There must therefore have been conditions in the Bretton Woods system which, in retrospect, created unique conditions for private investment. These conditions, which are usually completely overlooked, were macroeconomic in nature. Institutions (“the economic order”) and functioning individual markets are one thing; favourable conditions for companies to invest are quite another. The consequences of unification in East Germany, where almost everyone believed that the former was necessary and sufficient for a successful transformation into a market economy, should have taught us that without a suitable macroeconomic environment there can be no market dynamics. But even that is simply pushed aside by the market-economy ideologues.

There is also no question that the growth momentum in the Bretton Woods system was accompanied by great momentum in the collectively negotiated wage growth rates of workers, as shown in Figure 2. From 1958 (the first year for which we found comparable figures) to 1978, there was an average annual increase of 7.9 per cent, which means that both sides were willing to go all out in collective bargaining and that employers always accepted that with such high nominal increases, workers had a good chance of achieving full participation in productivity growth with their real wages (i.e. the same increase for both sides, the employee side and the employer side).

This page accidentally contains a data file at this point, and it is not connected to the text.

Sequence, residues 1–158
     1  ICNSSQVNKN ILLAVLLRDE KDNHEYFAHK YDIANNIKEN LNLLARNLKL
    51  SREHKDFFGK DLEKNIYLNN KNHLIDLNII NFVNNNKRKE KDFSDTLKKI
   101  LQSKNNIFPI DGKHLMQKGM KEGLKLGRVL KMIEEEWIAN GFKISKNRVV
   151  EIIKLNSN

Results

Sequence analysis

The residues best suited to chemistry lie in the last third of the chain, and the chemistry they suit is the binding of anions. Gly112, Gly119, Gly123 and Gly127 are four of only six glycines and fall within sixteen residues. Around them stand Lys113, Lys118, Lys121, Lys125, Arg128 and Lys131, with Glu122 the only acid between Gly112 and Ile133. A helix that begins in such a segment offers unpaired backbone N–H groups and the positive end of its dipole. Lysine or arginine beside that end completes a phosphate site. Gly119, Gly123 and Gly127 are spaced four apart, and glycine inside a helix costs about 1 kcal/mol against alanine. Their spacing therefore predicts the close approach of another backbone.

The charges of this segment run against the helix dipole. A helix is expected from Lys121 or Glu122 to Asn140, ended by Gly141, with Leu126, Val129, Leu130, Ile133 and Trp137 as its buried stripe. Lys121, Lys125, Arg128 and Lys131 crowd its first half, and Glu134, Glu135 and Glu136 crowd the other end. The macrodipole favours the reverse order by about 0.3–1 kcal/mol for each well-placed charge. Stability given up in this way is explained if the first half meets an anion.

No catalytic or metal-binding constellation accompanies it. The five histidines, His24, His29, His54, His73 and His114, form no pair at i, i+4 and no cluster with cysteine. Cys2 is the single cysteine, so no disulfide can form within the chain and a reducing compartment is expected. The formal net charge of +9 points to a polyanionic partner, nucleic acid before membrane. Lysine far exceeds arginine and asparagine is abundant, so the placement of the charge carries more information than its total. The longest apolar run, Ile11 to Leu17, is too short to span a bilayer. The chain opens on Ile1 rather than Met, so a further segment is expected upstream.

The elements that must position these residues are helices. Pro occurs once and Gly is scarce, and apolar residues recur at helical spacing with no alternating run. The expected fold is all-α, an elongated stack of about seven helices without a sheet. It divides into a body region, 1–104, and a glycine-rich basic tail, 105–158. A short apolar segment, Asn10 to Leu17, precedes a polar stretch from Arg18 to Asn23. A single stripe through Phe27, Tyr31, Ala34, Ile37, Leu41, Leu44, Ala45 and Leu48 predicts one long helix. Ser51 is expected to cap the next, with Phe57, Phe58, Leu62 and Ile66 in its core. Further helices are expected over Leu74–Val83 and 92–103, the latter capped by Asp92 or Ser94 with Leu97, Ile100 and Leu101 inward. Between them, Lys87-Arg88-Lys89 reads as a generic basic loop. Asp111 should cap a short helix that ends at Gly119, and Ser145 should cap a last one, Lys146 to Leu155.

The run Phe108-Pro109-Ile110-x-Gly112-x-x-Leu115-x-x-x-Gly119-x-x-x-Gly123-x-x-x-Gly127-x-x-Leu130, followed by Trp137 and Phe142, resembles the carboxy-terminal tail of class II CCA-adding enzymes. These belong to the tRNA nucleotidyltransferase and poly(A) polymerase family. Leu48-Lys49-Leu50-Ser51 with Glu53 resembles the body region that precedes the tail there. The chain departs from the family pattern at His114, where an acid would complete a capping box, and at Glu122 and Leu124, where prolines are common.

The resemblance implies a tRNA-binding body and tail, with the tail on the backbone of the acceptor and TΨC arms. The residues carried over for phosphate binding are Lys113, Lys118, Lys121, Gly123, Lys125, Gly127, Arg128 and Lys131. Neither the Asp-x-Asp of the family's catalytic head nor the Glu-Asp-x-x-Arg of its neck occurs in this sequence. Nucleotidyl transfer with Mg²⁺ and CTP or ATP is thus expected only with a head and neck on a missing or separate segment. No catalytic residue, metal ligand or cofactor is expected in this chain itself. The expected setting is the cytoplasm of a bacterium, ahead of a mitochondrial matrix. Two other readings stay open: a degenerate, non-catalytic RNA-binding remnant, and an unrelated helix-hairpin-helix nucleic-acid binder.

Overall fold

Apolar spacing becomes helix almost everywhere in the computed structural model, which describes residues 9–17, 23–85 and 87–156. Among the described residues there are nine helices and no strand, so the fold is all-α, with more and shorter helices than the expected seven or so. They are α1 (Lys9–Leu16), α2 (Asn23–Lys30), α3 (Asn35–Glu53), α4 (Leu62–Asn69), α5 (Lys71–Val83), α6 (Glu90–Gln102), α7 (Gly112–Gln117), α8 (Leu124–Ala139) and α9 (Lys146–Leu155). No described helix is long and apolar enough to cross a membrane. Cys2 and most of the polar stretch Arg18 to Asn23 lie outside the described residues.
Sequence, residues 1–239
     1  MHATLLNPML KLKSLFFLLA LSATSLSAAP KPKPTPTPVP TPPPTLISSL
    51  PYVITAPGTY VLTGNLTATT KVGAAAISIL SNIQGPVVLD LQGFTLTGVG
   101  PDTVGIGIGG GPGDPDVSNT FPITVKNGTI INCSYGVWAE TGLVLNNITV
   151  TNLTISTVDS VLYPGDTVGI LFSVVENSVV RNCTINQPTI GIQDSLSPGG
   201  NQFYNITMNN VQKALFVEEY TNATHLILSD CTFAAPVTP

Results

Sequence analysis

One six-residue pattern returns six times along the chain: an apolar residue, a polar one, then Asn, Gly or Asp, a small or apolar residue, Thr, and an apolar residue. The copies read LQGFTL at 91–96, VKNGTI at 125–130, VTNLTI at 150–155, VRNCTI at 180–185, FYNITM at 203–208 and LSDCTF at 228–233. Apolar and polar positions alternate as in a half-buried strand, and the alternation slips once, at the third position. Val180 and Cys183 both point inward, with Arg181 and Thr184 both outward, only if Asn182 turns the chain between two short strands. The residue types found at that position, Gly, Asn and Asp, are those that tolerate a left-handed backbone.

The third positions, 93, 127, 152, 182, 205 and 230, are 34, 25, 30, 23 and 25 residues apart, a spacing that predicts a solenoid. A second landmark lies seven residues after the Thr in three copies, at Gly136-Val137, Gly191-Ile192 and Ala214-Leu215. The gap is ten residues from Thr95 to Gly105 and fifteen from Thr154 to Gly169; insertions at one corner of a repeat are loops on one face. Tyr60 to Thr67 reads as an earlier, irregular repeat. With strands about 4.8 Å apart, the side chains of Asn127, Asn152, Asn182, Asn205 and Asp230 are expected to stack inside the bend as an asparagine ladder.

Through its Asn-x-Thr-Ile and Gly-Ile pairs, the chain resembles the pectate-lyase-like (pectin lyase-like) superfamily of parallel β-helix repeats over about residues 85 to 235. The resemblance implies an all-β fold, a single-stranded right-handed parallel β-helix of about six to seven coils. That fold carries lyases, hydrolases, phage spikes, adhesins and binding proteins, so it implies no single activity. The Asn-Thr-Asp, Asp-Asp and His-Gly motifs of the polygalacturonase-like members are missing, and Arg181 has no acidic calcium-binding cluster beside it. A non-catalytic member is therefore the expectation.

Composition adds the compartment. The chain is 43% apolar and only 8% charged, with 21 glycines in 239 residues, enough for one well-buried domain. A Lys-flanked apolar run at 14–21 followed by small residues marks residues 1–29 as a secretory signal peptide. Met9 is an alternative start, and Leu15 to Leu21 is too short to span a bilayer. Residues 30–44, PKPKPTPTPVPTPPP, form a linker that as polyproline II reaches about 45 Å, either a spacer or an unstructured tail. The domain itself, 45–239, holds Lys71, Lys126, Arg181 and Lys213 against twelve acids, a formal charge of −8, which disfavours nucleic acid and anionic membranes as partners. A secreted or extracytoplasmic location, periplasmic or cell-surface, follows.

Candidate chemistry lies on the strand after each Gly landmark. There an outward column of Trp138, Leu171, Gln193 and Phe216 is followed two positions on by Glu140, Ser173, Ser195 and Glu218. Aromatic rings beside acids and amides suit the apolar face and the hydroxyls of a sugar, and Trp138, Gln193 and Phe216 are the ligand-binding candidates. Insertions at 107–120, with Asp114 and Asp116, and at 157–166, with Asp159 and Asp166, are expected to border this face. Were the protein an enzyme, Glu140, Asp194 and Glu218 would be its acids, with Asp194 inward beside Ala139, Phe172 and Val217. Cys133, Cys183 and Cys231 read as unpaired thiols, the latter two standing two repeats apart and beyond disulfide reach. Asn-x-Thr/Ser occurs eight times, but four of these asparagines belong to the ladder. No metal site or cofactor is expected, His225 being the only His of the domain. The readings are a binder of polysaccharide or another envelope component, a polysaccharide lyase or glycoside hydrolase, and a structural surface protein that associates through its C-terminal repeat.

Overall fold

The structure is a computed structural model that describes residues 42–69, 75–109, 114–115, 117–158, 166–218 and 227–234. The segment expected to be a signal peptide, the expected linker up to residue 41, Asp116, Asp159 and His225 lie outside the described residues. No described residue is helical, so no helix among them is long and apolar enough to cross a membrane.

Figure 4

Wage increases in collective agreements in the industrial sector

Spiritual and moral change?

Since the beginning of the 1980s, wage increases have been going downhill, and only German unification (because of the race to catch up in East Germany) has given workers another boost. The old German model of systematic employee participation in productivity growth has been dead since the mid-1990s at the latest. Since the Red-Green takeover in 1998 and the subsequent grand coalitions, the position of the trade unions and the situation of the workers has deteriorated so much that a record negative real wage growth rate, a nominal increase of 2.2 per cent, was achieved between 1996 and 2008.

This, too, is the result of an intellectual rigidity, of dominant opinion-formers in the economy, whose great commonality was the rejection of what was then understood to be Keynesianism. Not only was Keynesianism blamed for the crises of inflation and unemployment in the wake of the oil price explosions, but it was also believed that the challenges of an increasingly integrated world economy could only be met with a fundamental renewal of the market economy, and in particular the restoration of market conditions in the labour market.

Helmut Kohl’s “intellectual and moral change” of 1982 was meant precisely in this sense. At the same time, Ronald Reagan and Maggie Thatcher set out to create a system that they (and the economists behind them such as F. A. von Hayek) saw as a true market economy. That they radically brought to an end the most successful phase of capitalism by far is the tragedy and paradox of this story.